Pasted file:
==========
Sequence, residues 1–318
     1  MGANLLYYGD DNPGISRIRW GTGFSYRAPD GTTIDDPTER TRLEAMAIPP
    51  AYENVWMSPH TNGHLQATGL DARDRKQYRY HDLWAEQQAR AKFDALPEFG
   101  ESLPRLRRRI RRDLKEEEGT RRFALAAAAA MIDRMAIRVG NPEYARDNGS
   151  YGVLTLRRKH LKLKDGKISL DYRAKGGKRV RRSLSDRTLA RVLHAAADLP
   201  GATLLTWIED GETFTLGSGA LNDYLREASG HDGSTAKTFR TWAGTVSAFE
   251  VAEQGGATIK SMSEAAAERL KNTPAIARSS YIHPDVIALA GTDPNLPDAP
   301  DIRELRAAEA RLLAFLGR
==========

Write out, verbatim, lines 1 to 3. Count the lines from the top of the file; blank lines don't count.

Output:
Sequence, residues 1–318
     1  MGANLLYYGD DNPGISRIRW GTGFSYRAPD GTTIDDPTER TRLEAMAIPP
    51  AYENVWMSPH TNGHLQATGL DARDRKQYRY HDLWAEQQAR AKFDALPEFG